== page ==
The Phaserl


NIRP and You: What to Expect

by Adam English, Outsider Club:

“We’re taking a look at them … I wouldn’t take those off the table.”

Those are the words Fed Chair Janet Yellen used in a Congressional hearing a couple months ago regarding one of the most bizarre, and possibly most damaging economic aberrations of our lifetimes.

As the Great Recession wore on, we had to grapple with the consequences of zero interest rate policies. Now we’re facing the prospect of ZIRP becoming NIRP — negative interest rate policies.

Japan and a lot of Europe have already crossed over into this uncharted territory. The Eurozone recently delved even deeper into negative rates, and now we know the U.S. may as well.

Now is the time for us to get used to what this means for us, both for the NIRP in place in international markets, and for what it could mean if and when the Fed plunges us into the same mess.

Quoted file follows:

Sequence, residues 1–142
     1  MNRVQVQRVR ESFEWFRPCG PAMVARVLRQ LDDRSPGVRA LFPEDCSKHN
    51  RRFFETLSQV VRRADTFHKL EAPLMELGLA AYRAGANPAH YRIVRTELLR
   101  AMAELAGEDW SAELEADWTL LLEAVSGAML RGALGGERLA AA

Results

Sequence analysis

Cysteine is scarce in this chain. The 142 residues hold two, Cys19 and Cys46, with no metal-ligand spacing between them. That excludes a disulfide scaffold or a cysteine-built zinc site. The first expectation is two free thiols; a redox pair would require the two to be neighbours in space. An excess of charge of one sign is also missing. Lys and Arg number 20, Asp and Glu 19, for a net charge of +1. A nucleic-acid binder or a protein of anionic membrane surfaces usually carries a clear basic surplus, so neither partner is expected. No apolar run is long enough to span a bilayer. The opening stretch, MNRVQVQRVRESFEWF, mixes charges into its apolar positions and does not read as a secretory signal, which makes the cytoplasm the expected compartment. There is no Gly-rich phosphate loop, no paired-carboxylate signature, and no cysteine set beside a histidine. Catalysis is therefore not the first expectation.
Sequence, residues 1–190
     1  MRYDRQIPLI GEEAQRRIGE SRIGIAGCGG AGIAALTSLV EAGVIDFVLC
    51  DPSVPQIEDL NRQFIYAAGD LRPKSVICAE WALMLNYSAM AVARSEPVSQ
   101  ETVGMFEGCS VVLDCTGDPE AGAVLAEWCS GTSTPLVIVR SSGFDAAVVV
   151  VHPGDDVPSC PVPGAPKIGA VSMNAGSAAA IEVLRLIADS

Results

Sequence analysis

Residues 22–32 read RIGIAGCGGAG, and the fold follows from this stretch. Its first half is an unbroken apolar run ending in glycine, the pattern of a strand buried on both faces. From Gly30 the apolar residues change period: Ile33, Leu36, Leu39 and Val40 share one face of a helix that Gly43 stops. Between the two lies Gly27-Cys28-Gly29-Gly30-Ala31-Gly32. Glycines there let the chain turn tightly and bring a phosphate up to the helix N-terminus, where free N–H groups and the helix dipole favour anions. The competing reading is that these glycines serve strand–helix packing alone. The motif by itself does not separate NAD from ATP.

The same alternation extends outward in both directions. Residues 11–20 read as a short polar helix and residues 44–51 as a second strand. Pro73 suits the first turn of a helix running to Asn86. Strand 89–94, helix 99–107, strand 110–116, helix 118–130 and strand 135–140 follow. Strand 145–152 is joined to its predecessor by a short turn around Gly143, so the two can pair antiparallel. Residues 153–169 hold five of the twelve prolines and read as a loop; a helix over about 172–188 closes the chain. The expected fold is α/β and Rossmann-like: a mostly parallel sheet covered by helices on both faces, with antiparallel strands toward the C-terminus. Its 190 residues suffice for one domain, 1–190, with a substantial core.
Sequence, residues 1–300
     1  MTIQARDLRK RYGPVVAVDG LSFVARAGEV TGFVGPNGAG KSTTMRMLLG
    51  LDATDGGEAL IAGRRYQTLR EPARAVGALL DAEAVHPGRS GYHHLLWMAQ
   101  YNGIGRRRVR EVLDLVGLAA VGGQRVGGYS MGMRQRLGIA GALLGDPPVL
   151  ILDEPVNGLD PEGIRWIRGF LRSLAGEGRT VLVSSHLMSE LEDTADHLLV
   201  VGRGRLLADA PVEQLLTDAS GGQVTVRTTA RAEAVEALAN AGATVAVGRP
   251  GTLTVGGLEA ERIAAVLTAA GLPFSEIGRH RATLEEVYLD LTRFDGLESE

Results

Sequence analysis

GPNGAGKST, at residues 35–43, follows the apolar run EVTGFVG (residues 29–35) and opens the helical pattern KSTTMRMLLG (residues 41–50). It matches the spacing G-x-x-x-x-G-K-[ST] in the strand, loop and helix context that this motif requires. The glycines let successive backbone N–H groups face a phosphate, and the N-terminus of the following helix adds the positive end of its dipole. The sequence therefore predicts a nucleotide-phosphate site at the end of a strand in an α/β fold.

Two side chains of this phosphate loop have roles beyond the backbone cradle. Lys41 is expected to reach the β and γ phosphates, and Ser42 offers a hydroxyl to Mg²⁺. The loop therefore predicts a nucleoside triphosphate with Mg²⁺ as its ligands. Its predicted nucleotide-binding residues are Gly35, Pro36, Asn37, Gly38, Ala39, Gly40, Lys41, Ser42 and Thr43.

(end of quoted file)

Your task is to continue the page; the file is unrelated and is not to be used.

Even Worse Lending

First and foremost, ultra-low interest rates are already changing how banks work. An equity market that has been rocky, but ultimately flat for a year-and-a-half, is only adding fuel to the fire.

Using ZIRP following the credit crunch that drove the Great Recession already hurt lending operations.

Though banks were particularly risk-averse and were only lending to those with the highest credit scores, reducing headline interest rates only made things worse by narrowing the spread between what banks can charge, and what they can pull in as profits.

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